I'm seeing this kind of stuff to often on the site. Spirituality is not logical. It can't be treated like logic. Because spirituality is basically metaphors and equivocation. Logic is grounded, sensible, objective, and can either withstand criticism or crumble under it. But with spirituality you can just redefine words whenever you want because there is no concrete meaning to the words. How many meanings are there for the word "god"?

Hint: In Islam there's 99 names for god, as muslims will often proudly tell you. In Christianity there's 3 parts to god. It's not a concrete word. You can't use it in a logical premise because it's not logic. I don't know how to say that any other way.

Well a Son depicts a parent. And a parent gives you your intrinsic properties, your DNA for one. God could be said to give another intrinsic property, conciousness.



And low and behold ladies and gentleman, just like I said, here is the equivocation when discussing spirituality:

Seems to be a fair enough take if the interpretation of what a father is is loosened a little.

I'm not trying to pick on you, I'm using what you are saying as an example of how spirituality can't be debated. It's whatever people want it to be, that's just what it is. You can't debate that. To some people, their spirituality involves a literal interpretation of the Bible. To some people, spirituality means what the Bible literally says is wrong but they pick out the parts they like.

Well I disagree that it can't be debated, so long as things are defined beforehand and hence no moving of the goalposts can occur.

I defined what I needed to. There is no equivocation occurring here, since the words mean the same thing in both context.

If you want to be critical, you should clearly distinguish between "father" of Jesus who happens to be invisible, undetected and undefined; and "father" of every other human that's been observed, which happens to be another human. Because they don't mean the same thing. What is it that "father" means when talking about god and Jesus? I don't know. Do you?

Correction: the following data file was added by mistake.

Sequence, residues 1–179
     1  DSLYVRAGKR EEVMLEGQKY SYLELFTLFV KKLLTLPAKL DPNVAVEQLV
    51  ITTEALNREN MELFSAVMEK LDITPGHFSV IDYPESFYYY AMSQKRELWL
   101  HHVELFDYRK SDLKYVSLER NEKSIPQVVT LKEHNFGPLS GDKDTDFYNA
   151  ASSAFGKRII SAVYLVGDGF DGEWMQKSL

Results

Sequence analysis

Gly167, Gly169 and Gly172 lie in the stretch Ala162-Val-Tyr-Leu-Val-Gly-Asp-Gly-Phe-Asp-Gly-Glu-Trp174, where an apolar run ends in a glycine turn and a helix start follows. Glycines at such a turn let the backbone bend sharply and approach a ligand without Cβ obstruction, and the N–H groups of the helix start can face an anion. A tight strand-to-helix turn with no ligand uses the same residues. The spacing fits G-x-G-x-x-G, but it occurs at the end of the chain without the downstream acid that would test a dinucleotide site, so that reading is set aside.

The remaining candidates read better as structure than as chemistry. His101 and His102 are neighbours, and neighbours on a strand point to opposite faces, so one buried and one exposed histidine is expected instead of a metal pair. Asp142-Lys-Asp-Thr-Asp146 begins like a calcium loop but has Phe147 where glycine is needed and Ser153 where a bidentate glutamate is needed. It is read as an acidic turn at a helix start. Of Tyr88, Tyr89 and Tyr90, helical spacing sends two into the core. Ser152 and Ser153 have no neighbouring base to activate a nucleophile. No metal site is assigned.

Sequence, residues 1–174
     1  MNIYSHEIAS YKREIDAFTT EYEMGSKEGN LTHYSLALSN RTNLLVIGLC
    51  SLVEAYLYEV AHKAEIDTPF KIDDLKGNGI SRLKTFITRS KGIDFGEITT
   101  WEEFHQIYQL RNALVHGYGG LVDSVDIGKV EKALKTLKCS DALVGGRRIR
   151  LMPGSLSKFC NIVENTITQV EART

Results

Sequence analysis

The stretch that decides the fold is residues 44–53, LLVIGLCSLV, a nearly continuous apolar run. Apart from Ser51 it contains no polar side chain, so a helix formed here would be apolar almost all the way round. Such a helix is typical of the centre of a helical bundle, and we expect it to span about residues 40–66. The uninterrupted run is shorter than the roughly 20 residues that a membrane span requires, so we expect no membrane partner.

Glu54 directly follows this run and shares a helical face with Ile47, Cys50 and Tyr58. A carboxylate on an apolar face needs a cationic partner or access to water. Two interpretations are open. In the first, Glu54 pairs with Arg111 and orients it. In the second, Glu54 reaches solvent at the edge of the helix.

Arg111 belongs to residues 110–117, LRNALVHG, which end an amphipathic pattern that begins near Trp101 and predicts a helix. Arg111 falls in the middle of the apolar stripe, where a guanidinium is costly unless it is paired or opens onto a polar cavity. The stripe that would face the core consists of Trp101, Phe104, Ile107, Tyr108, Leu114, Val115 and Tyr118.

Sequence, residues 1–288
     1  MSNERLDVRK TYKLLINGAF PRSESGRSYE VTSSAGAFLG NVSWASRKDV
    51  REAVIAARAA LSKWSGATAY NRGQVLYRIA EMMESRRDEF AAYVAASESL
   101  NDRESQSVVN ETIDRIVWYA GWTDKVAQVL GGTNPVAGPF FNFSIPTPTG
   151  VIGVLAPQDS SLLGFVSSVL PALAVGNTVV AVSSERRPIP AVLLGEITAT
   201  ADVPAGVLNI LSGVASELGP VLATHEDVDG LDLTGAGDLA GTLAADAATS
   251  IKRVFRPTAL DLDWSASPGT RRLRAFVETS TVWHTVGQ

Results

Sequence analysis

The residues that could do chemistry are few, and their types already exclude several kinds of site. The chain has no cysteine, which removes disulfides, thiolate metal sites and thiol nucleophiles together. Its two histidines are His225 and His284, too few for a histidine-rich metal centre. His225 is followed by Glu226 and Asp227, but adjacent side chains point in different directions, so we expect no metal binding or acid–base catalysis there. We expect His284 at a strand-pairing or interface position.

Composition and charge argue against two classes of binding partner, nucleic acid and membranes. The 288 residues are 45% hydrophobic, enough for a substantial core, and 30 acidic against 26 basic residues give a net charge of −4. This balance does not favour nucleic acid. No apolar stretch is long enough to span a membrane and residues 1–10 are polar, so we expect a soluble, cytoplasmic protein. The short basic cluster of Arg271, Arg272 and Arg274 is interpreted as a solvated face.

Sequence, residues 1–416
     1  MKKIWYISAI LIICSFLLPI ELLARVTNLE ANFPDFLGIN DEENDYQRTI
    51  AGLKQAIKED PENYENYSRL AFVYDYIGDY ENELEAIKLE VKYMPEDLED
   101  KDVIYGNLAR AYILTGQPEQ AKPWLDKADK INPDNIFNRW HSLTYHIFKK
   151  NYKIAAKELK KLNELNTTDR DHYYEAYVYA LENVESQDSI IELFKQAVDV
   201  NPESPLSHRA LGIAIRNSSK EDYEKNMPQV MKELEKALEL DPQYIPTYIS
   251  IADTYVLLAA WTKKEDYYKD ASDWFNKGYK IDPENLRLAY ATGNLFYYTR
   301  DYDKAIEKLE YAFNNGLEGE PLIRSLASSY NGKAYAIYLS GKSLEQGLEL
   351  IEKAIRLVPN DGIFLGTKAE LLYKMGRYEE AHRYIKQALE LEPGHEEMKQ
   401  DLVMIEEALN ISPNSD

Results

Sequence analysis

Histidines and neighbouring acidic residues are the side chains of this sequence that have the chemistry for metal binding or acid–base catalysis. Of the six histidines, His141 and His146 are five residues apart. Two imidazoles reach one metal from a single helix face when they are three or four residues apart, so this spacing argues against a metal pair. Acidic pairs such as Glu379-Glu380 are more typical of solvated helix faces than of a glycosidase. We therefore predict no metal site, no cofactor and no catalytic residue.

Well when I was a Christian then then the father to Jesus was a different concept to a father to us. But then I never tried to put my beliefs regarding Christianity into a rational framework...

It seems reasonable that the giver of our consciousness would fit the definition of a father. Also remember God is supposed to be supervising us 24/7, so in effect he spends more time with us than our biological fathers... So you could make the argument that he's a father in a parental sense, since he is supposed to play an intervening role (answers prayers, etc).
12_13
Posts: 1,361
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6/19/2014 3:06:52 PM
Posted: 2 years ago
At 6/19/2014 1:32:10 PM, BradK wrote:
So my suggestion: should we stop using the phrase "son of God" and start using the phrase "spiritual son of God" to make it clear we are referring to the spiritual aspects of Jesus, not the biological aspects?

But according to the Bible, Jesus was born because of the influence of God. Therefore I think he is also biological son of God.

The angel answered her, "The Holy Spirit will come on you, and the power of the Most High will overshadow you. Therefore also the holy one who is born from you will be called the Son of God.
Luke 1:35

However I think son of God is mainly in spiritual sense. As it is with children of God.

Little children, let no one lead you astray. He who does righteousness is righteous, even as he is righteous. He who sins is of the devil, for the devil has been sinning from the beginning. To this end the Son of God was revealed, that he might destroy the works of the devil. Whoever is born of God doesn't commit sin, because his seed remains in him; and he can't sin, because he is born of God. In this the children of God are revealed, and the children of the devil. Whoever doesn't do righteousness is not of God, neither is he who doesn't love his brother.
1 John 3:7-10

Also disciples of Jesus become children of God.

Jesus answered him, "Most assuredly, I tell you, unless one is born anew, he can't see the Kingdom of God." Nicodemus said to him, "How can a man be born when he is old? Can he enter a second time into his mother's womb, and be born?" Jesus answered, "Most assuredly I tell you, unless one is born of water and spirit, he can't enter into the Kingdom of God! That which is born of the flesh is flesh. That which is born of the Spirit is spirit. Don't marvel that I said to you, 'You must be born anew.'
John 3:3-7

But as many as received him, to them he gave the right to become God's children, to those who believe in his name: who were born not of blood, nor of the will of the flesh, nor of the will of man, but of God.
John 1:12-13
BradK
Posts: 475
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6/19/2014 3:12:46 PM
Posted: 2 years ago
At 6/19/2014 2:57:14 PM, Envisage wrote: